As interest in our microbiomes has increased, medical researchers in the Western world have started to take an interest in finding out if there is any truth to the wide-ranging claims about kefir. Multiple studies have been completed with extremely encouraging results.
Some of the research includes:
- Immune System. Several studies have confirmed that the immune system response is enhanced by kefir, although it is not yet clear whether it is the bacteria in the kefir, metabolites produced during fermentation or an element of the its grains themselves that cause this effect. A stimulated immune system is better at identifying and combatting disease. Kefir is very effective at maintaining a balanced and healthy gut microbiome, which boosts the ability of the gut to fend of pathogenic microbes.
- Gastrointestinal Disturbances. Kefir consumption has been shown to be helpful both in preventing constipation as well as preventing and treating diarrhea. It has also been shown to reduce flatulence. Lactose intolerant subjects have been shown to be able to tolerate it without symptoms.
- Allergies. It has been shown that consuming kefir has reduces asthma symptoms in mice. It can decrease the allergy response to symptom triggering allergens, according to research. It has also been shown to reduce food allergies in study participants.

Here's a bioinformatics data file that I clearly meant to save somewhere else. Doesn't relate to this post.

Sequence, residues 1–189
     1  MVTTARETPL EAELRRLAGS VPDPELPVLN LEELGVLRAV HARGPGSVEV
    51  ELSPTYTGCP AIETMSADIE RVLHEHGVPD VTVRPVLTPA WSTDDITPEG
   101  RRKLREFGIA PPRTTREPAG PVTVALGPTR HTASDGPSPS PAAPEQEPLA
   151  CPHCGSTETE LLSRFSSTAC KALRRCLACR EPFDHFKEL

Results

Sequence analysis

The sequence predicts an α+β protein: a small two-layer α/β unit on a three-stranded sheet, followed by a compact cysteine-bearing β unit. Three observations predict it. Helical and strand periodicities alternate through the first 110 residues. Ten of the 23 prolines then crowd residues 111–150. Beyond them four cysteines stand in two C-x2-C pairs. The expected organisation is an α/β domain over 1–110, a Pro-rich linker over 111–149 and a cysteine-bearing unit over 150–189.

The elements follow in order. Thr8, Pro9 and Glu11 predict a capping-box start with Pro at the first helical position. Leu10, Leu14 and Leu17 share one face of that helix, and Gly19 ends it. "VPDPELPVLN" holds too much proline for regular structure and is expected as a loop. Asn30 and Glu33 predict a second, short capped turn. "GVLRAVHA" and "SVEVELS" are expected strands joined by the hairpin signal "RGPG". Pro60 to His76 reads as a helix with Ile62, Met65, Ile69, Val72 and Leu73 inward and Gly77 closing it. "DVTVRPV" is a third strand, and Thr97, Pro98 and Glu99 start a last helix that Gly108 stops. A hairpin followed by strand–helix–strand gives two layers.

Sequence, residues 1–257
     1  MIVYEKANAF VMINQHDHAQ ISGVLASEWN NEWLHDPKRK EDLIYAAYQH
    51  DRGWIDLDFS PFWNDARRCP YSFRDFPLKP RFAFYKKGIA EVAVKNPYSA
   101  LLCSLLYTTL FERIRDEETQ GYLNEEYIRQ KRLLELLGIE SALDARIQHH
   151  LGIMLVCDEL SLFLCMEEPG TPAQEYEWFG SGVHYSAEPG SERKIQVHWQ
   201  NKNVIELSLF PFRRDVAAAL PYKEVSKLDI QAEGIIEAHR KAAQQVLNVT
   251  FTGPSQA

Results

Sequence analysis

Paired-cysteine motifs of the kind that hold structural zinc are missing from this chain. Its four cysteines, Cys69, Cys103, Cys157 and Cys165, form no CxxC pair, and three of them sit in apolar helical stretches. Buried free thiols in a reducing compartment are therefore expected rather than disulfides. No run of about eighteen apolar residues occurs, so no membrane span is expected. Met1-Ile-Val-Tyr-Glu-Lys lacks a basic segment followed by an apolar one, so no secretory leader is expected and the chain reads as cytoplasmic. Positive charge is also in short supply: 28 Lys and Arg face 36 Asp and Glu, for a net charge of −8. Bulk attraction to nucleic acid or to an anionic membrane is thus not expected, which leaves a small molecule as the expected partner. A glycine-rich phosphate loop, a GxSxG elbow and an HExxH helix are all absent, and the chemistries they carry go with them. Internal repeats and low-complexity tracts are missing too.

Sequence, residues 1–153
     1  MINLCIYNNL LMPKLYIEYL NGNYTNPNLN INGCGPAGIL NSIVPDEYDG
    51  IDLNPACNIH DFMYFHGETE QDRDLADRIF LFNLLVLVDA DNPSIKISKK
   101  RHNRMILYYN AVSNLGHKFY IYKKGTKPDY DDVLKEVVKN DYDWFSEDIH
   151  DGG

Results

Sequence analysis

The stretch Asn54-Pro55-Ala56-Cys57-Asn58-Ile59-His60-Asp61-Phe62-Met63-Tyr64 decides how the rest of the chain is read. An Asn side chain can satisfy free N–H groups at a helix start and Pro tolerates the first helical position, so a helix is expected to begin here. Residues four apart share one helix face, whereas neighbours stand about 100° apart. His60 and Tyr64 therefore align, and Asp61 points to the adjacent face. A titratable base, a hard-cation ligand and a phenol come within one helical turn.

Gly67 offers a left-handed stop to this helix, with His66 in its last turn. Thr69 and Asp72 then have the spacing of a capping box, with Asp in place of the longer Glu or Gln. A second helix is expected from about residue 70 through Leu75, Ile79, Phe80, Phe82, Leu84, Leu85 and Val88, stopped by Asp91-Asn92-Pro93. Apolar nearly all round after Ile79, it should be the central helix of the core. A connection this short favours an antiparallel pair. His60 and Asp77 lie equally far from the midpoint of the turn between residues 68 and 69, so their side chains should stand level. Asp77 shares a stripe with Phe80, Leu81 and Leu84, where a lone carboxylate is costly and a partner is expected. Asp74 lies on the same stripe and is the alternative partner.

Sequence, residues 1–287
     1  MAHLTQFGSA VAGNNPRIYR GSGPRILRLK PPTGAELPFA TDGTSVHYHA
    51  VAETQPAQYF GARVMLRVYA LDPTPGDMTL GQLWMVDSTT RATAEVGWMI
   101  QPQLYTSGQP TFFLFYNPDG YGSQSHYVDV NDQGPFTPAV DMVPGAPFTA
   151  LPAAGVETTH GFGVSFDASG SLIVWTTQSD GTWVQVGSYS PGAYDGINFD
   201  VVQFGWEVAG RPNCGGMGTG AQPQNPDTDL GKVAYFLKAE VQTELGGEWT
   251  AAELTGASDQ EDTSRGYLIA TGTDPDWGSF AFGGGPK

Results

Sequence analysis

- Anti–Inflammatory Effects. In mouse studies, it has been shown to reduce inflammation.
- Cancer. There have been many promising studies on the effect of kefir (including the probiotics in kefir) and cancer. The probiotics in kefir have been shown to bind to mutagens that are potentially cancer causing, thereby reducing their potential harm to the body – anti-mutagenic effects. Those people who drink kefir regularly are statistically much less likely to get colon cancer than those who do not. It has been shown to have anti-mutagenic effects with respect to colon cancer and thus may play a role in colon cancer prevention. The kefir grains themselves have been shown to have tumor inhibiting capabilities for sarcomas, melanomas, lung and breast cancer cells – anti-carcinogenic effects. It will be really exciting to see the results from studies on cancer and probiotics that are currently underway.
- Antibacterial and Antifungal. Kefir has shown anti-microbial activity against a wide range of harmful bacteria and fungi. It can help to control rotavirus and Clostridium difficile (C. difficile) infections as well as ulcers related to Helicobacter pylori. It can be used as antibiotic therapy. It has been effectively used to treat travellers’ diarrhea.
People have been drinking it for thousands of years without concern, it is apparent that the microorganisms it contains are not generally pathogenic. However, the microbes in it might be potentially harmful for people with significantly compromised immune systems and anyone with this concern should consult with their physician before taking any probiotics, including kefir.